It is clear that there is no one silver bullet to resolve sickness absence issues in any organisation, not least one of the size and complexity of the Northern Ireland Civil Service. However, I am confident that we have a wide range of initiatives in progress that, with continued perseverance, training, support and enforcement when required, will result in a reduction in the Northern Ireland Civil Service sickness absence and the associated cost to the public purse.
Mr McKay: Go raibh maith agat, a Cheann Comhairle. This has been a very useful debate on the Committee's report. I thank Members and the Minister for their contributions. As I indicated at the outset of the debate, the reality of life is that people do get sick and can need to take time off work at some stage in their working career.
John McCallister made a couple of important points. One thing that he said was that work is good for people's health. I think the vast majority of people do enjoy their work and get a lot from it. At some stage in employees' careers they come across situations that put them off work. Sometimes a lot of the problems are down to management, how those issues are handled and whether the issue becomes protracted and considerably worse over time. We have to learn how to nip those issues in the bud for the sake of the employees and also to get value for money, as the Minister said, from employees, because employees want to be productive. They want to get their work/life balance correct, and all that they want is assistance in doing that.
Of course, I welcome the introduction of mental health first aid and the availability of that for staff, because I think it is an issue. Perhaps staff do want to help their employees and help those that they have line-management responsibility for, but it is about ensuring that they know what to do and how to spot certain signs, especially in regard to employees' mental health.
The Committee's report has outlined how that reality can be dealt with to minimise, manage and reduce absence levels. There is undoubtedly scope for improvement through the public sector that could result, as we said, in savings of approximately £37 million a year to the public purse. Of course, Mr Nesbitt pointed out that a 1% increase in productivity could lead to savings of £64 million.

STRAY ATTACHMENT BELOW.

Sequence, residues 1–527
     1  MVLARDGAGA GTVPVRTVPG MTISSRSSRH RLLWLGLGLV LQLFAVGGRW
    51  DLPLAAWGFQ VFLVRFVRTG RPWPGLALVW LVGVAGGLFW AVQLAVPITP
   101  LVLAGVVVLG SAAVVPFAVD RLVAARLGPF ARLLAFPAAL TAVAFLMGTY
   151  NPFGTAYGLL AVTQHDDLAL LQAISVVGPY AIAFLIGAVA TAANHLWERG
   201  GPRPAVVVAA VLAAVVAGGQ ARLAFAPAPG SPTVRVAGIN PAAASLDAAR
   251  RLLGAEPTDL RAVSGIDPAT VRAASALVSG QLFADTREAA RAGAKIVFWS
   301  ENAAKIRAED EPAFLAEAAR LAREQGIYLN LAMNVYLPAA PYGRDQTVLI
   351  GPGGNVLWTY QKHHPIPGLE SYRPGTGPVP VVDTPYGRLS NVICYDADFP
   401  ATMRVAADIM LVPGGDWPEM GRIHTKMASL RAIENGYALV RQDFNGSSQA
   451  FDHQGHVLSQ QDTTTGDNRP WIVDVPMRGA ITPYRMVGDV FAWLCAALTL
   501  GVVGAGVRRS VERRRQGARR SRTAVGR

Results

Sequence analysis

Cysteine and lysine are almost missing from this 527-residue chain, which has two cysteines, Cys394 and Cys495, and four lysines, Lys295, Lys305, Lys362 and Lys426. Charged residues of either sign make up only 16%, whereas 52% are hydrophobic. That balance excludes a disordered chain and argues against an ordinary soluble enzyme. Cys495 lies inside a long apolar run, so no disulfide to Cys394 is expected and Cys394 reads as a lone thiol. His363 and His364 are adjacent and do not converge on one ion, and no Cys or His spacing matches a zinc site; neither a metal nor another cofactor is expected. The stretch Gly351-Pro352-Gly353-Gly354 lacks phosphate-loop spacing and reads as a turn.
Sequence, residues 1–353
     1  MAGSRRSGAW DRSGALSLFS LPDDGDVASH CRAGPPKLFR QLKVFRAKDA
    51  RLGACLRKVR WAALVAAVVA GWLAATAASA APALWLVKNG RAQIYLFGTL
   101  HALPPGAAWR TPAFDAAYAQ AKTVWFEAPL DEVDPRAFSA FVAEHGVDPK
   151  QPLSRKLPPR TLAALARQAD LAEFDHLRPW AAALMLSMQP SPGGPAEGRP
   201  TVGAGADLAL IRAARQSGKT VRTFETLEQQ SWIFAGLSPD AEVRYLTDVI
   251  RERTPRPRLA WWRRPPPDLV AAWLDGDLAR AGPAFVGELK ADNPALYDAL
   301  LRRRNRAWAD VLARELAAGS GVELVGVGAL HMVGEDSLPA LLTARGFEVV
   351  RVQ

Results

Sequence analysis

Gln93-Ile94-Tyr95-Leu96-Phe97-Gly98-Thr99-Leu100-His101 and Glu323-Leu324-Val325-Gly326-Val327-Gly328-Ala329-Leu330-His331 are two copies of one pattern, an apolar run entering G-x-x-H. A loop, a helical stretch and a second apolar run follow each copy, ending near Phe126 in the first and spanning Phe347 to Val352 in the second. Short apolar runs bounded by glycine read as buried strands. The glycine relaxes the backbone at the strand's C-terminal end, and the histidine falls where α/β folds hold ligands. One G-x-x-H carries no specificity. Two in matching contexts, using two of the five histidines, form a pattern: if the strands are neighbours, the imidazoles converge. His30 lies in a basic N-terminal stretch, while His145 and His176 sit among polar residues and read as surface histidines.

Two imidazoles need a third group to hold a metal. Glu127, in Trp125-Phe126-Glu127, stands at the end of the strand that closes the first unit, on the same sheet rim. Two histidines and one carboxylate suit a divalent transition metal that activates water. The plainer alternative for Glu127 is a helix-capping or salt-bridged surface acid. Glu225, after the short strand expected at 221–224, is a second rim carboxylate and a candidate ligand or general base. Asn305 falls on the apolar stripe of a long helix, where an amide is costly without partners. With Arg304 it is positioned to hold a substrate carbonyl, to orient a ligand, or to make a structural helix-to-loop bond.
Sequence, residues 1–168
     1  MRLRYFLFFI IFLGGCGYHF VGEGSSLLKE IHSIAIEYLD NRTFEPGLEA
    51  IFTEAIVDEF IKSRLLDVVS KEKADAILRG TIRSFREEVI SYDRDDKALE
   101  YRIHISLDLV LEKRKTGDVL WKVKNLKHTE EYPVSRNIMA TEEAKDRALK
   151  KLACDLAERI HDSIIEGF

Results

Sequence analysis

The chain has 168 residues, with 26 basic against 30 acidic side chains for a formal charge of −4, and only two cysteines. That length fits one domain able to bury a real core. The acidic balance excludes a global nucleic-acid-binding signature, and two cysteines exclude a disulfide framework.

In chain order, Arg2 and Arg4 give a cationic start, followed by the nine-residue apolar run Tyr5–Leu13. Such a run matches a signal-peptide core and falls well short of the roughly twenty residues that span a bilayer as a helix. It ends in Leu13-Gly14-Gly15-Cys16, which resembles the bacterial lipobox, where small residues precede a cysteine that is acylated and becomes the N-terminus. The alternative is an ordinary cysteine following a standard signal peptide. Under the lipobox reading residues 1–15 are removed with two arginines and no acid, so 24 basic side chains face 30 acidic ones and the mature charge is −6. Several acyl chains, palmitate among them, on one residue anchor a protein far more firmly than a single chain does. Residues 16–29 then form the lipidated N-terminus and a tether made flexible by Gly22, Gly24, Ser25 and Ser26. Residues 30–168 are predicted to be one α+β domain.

The figures, as referred to during the debate, show that the average level of sickness absence in the public sector here compares quite unfavourably to that in England, Scotland and Wales. While the figures may vary according to the different parts of the public sector, a rough indicator is that the level of sickness absence in the Civil Service in Britain is about 7·5 average working days lost per staff year, compared with slightly over 10 days in the Civil Service here.
We have heard that the health and wider education sectors need to improve the monitoring and reporting of sickness absence and to set and adhere to challenging and realistic targets. In the health sector, the focus continues to be on long-term absence, particularly related to mental health and musculoskeletal problems. Members are pleased, therefore, to see specific programmes targeting these issues, such as rapid referral to physiotherapy services in the case of the latter.
It has been emphasised that such early intervention schemes need to be replicated across not only the health sector but the entire public sector. In the education sector, stress-related absence in the teaching profession needs to be addressed. This includes, amongst other things, evaluating the health and well-being programmes and training in this area in an effort to increase early intervention and decrease the human and financial cost of teacher absence and, of course, the cost to children.
In relation to the performance of the Civil Service, it is clear that there are a number of well-established procedures and programmes in place to assist staff and that absence is taken seriously. However, as noted earlier, the forthcoming public sector reforms — in particular, the loss of a large number of staff under the voluntary exit scheme — could have an impact on the staff who remain in post. As changes take effect and workloads increase, so, too, may the need for support services such as Carecall and the welfare support service.
Reference has been made to the difference between sick absence rates in the public sector and the private sector. The Committee commissioned research into this issue. From the research findings, members noted that comparisons between the public and private sectors can prove difficult. Levels of absence may appear lower in the private sector, but we need to be very careful about making straight comparisons due to a lack of data on absence levels in that sector. The private sector also covers different types of jobs, and there are differences in the gender breakdown of its workforce, a point that was also raised by Members today.